Analysis of Hamlet Essay

8190 Words 33 Pages
The play does not open with the protagonist, nor with the direct disclosure of the problem. It points to unanswered questions and reveals anxiety and unrest. There is said to be a ghost, but the reason and purpose for the ghost's appearance are unknown. Basically, we can say that the first scene creates an atmosphere and the basis for the disclosure of the specific problem. The first point dramatically established is that there really is a ghost, although the questions raised by its appearance are unanswered. Horatio, the scholar and the skeptic, comes to test the report given by the simple soldiers. The empirical proof that Horatio seeks is there; the ghost appears and it is seen to have a specific identity, that of the deceased King …show more content…
This account of the past, and the connection with present military preparations, seems to explain the appearance of the ghost. But Horatio sees it as a more disturbing omen, going further back to ancient history, to the death of Julius Caesar, and he refers to visitations from beyond the grave as preceding some momentous destructive event in the world. But Horatio cannot answer his own questions and gets no answers from the ghost; he doesn't know whether it's connected to upheaval in the state, personal guilt, recent events or whether it's part of some general pattern. Altogether, the effect of the opening scene is that questions are asked, anxieties are expressed, but there are no certain answers. One of the soldiers says he's "sick at heart", Horatio is troubled, and another soldier discusses spirits being abroad as something negative, contrasted to Christmastime.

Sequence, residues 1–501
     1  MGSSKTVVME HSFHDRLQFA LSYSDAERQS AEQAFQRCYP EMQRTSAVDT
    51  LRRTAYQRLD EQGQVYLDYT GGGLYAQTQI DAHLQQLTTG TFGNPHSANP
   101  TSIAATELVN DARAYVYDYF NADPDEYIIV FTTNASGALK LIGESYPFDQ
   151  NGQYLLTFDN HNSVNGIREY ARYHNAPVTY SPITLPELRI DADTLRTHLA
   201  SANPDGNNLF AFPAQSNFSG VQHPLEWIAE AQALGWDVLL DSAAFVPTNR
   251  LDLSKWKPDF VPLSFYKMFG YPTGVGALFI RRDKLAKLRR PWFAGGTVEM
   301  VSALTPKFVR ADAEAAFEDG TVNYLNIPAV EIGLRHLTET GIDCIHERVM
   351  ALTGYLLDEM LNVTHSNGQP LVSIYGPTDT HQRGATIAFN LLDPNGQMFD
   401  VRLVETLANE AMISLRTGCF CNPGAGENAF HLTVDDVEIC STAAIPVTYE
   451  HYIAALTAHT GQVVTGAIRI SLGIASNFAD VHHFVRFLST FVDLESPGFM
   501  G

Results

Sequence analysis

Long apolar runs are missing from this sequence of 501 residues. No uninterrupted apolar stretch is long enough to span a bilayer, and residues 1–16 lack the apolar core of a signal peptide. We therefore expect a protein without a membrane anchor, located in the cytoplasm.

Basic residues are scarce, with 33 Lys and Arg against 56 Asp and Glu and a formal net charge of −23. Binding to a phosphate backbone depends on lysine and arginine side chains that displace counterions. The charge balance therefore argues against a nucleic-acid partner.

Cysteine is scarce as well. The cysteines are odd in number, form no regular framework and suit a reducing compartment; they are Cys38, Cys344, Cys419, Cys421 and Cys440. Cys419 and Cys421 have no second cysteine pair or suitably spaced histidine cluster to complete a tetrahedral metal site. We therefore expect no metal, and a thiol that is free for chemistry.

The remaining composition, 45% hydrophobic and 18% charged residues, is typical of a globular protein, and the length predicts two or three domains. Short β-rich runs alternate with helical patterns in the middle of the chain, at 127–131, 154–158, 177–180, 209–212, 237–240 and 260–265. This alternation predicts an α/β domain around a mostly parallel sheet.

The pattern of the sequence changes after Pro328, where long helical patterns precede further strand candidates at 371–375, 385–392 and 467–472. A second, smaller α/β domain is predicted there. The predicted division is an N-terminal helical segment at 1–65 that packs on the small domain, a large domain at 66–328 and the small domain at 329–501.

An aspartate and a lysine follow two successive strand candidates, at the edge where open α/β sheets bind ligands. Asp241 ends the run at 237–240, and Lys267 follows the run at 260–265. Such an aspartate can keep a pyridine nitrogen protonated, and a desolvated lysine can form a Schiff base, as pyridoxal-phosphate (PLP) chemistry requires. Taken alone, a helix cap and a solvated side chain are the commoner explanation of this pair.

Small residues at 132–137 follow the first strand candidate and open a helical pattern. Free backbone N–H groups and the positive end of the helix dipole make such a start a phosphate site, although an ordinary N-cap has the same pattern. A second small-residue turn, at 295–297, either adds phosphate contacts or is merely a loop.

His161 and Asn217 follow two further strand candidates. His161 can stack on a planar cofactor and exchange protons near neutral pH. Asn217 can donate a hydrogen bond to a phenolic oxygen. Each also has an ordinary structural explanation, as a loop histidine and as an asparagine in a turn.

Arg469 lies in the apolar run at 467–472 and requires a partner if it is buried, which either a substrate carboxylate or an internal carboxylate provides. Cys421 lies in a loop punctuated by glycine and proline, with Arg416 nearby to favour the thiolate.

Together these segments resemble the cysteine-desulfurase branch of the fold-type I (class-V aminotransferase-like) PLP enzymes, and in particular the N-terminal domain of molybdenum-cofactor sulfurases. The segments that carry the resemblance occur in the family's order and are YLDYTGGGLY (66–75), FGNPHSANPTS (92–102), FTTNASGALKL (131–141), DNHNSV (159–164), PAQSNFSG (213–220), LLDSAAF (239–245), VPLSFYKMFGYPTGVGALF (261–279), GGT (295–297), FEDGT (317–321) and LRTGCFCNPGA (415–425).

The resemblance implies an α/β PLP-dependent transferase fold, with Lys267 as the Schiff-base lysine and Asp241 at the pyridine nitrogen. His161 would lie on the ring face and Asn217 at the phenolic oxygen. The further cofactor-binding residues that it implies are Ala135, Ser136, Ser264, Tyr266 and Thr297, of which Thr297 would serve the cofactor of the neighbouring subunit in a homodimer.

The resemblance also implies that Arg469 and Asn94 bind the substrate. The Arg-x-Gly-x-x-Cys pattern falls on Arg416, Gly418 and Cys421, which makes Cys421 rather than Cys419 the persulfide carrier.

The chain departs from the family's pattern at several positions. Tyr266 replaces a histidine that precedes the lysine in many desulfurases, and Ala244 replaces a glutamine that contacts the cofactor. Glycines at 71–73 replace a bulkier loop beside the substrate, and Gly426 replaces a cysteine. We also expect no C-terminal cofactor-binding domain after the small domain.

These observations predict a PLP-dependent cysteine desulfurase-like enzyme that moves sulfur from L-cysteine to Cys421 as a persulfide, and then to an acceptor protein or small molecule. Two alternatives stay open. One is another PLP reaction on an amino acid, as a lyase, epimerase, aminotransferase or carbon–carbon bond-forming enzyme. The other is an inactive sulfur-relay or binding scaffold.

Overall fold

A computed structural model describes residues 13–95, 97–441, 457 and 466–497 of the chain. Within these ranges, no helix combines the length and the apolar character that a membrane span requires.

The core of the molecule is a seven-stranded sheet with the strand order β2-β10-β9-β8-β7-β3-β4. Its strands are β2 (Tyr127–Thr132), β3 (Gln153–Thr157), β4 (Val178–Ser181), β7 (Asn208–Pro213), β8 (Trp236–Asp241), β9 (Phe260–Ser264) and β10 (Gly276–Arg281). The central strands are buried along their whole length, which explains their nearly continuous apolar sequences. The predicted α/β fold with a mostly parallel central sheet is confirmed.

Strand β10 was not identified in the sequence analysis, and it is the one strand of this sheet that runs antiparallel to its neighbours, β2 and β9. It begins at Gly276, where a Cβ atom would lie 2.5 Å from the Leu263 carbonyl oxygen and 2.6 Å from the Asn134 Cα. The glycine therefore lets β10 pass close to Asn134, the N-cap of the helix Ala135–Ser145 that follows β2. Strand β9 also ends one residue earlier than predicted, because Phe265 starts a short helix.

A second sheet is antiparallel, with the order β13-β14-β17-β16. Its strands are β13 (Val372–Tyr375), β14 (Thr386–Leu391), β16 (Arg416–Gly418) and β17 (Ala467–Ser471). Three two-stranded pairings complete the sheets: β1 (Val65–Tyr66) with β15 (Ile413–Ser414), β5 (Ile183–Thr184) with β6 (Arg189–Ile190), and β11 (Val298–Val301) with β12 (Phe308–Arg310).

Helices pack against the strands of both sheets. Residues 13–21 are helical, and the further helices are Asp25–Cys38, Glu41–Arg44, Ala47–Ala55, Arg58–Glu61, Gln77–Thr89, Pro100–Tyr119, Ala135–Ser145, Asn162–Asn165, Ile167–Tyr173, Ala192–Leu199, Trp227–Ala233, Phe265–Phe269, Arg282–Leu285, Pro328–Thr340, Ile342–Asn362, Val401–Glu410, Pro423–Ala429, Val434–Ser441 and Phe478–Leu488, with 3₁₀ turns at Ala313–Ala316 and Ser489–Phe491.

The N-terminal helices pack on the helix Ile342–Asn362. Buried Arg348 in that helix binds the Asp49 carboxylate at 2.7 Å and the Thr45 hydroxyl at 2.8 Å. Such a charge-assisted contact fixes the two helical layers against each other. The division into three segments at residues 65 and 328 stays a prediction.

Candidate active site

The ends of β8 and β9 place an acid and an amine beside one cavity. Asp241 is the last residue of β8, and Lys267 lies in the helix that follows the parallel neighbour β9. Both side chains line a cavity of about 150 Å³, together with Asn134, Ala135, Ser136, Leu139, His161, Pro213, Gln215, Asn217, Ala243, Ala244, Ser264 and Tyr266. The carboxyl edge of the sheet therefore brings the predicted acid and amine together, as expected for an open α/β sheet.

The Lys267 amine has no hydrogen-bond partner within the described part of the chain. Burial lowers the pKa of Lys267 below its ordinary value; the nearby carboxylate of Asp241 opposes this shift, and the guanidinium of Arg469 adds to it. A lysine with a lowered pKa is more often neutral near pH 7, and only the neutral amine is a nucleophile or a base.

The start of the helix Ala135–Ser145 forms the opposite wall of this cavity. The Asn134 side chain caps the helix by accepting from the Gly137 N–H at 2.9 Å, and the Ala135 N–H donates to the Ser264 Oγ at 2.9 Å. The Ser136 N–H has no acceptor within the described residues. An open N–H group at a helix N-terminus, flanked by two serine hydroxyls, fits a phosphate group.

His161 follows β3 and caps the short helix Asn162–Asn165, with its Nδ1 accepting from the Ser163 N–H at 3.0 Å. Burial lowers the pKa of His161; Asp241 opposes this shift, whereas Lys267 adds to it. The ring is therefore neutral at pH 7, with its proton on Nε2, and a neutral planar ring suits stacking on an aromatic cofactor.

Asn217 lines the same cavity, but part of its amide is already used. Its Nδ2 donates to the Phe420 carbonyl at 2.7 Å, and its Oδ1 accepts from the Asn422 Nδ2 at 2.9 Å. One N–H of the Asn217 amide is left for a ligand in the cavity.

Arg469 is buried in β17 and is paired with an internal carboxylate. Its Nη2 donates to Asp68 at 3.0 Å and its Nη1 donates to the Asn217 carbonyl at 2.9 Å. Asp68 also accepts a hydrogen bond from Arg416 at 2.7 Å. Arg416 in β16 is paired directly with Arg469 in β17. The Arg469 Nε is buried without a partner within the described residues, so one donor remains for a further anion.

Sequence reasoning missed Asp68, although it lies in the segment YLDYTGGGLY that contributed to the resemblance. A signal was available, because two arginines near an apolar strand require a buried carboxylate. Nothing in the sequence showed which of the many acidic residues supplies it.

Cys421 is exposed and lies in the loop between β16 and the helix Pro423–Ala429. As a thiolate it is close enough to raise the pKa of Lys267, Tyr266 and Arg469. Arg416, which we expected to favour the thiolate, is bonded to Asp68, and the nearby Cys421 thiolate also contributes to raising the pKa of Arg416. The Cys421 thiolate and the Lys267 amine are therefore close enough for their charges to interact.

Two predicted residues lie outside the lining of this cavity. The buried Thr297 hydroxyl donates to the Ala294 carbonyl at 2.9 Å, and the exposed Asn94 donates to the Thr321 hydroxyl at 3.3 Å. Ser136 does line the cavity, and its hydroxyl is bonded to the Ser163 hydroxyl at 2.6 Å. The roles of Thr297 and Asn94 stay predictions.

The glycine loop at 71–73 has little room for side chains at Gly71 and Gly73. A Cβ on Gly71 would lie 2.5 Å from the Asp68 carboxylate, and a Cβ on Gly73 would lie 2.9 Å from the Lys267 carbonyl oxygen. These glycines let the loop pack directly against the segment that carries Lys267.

What we have here is something similar to a musical overture, where thematic interests are given concerning the topics to be developed in the play: groping in the dark, revenge, questions, suspected connections to evil, etc. We also get tension in preparation for the disclosure that will come from the ghost in later acts. What the scene does not do is itself significant, and the fact that there is no disclosure of information here is doubly important. One aspect of the importance is that the disclosure will be given only to Hamlet, as Horatio guesses, and that will be the basis for the task
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